You'll often find that if you download a file, either the source code, or the executable itself (The Binary), it's followed by a .tgz suffix.
This means that the file has first been tarred (The t part of the suffix), which means that all the files for this particular download were put into one
big file. This is akin to taking a few episodes of startrek on separate tapes, and copying them onto one cassette. All the originals are there, you
just need to fast forward or rewind the tape to get to the right place for the one you want. The ironic thing, is that the program tar that was used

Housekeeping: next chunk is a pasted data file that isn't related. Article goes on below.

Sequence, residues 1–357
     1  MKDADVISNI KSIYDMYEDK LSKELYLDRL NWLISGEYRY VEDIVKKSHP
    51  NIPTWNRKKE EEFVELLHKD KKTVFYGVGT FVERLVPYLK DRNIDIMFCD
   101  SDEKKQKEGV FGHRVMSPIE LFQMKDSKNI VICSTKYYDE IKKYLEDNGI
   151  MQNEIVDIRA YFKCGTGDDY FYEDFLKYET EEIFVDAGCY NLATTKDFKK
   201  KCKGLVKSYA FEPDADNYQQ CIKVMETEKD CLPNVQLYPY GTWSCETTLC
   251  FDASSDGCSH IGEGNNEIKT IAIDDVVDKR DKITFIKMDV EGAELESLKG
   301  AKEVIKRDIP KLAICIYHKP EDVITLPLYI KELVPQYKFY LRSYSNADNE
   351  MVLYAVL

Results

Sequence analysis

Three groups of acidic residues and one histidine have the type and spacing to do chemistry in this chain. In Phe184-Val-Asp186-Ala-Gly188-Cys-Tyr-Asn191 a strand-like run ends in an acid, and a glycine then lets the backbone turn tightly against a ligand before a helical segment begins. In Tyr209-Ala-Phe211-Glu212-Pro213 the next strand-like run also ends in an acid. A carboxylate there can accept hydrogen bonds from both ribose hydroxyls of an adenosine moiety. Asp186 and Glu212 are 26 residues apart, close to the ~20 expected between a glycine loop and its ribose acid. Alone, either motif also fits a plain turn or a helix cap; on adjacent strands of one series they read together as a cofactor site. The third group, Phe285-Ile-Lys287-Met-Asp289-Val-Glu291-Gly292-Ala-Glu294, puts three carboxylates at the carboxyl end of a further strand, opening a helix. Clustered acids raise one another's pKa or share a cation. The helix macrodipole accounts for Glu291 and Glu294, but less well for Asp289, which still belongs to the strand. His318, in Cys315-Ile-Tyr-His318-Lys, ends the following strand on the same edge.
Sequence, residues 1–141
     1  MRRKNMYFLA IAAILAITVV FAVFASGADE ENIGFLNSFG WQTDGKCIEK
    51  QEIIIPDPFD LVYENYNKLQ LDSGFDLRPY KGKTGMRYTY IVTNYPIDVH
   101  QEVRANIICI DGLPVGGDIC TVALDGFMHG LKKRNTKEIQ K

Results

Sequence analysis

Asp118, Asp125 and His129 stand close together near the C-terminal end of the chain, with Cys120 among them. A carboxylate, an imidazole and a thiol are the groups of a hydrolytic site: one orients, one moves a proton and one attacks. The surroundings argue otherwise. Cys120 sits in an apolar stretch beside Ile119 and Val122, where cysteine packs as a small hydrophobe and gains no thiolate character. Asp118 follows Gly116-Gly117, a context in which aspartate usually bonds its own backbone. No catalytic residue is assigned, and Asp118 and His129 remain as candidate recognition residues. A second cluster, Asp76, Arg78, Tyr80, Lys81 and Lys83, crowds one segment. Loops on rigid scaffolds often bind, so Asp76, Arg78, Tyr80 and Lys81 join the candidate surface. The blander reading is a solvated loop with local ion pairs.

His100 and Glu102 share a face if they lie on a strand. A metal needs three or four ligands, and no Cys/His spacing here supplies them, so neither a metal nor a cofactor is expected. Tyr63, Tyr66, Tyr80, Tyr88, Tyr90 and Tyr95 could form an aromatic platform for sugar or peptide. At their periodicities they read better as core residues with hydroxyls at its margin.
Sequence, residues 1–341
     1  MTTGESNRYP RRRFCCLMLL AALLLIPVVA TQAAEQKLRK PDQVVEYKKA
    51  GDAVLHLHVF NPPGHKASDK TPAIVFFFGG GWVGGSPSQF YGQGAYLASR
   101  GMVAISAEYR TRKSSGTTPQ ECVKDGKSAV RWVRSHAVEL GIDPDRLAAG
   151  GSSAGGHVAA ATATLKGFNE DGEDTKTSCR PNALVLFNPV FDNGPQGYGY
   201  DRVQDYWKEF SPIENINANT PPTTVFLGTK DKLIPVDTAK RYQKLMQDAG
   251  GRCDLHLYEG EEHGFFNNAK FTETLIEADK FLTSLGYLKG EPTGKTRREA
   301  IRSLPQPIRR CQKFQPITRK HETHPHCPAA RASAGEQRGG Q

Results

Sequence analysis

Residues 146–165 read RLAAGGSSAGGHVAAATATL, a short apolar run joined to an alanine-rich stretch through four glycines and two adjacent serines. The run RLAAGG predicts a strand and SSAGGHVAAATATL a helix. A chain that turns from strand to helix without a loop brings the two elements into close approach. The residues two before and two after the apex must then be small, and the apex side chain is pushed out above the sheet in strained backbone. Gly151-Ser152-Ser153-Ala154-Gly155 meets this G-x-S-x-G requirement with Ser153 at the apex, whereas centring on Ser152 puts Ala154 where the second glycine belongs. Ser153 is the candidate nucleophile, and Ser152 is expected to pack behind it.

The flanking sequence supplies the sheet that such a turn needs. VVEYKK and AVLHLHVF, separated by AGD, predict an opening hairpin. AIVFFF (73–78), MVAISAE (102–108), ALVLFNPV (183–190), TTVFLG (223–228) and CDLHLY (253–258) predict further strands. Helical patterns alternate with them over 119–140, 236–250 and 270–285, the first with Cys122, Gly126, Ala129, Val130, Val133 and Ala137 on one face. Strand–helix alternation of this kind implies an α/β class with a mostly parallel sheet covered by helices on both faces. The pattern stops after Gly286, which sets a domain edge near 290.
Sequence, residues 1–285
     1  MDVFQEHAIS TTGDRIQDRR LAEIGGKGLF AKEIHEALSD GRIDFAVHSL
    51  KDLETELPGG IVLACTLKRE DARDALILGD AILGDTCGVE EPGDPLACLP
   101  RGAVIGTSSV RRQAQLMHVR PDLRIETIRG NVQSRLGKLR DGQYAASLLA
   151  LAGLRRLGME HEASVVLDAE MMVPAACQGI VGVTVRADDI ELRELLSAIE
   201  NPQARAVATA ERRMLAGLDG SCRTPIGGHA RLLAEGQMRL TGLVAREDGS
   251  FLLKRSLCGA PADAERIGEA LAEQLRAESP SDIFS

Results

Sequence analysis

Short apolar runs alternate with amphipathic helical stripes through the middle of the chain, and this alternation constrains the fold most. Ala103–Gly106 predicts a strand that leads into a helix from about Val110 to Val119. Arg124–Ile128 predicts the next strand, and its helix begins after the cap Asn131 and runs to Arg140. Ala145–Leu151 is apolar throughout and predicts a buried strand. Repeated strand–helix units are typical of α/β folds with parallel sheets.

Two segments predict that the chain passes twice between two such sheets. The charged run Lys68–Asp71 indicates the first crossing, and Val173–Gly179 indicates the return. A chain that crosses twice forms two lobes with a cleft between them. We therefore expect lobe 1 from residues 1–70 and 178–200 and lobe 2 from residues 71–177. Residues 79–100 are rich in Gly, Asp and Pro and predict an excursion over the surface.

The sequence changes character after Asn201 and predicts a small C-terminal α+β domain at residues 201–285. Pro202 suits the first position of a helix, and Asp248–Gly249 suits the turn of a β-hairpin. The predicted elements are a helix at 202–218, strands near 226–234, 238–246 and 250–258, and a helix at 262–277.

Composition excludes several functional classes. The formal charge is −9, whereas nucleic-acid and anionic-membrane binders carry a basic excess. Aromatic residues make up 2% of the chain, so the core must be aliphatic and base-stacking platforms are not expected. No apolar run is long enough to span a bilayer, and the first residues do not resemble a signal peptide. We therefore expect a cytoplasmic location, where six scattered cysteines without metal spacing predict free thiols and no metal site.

to create the archive can actually spool through a backup cassette too (
And you think all my analogies are meaningless ;).
The other part of the suffix is gz. This means that the tar archive was compressed using gunzip. The nice thing is that for uncompressing the original
files, you dont have to run gunzip first, and then tar. Both can be executed with a simple command.
To uncompress bob.tgz, tar zxvf bob.tgz - If a folder was compressed originally, then the original folder will be created. If not, then the files will
be placed in the current directory.
If you just recieve a tar file for some reason, you can decompress that by using tar xvf bob.tar instead.
About the author, Owen Kelly.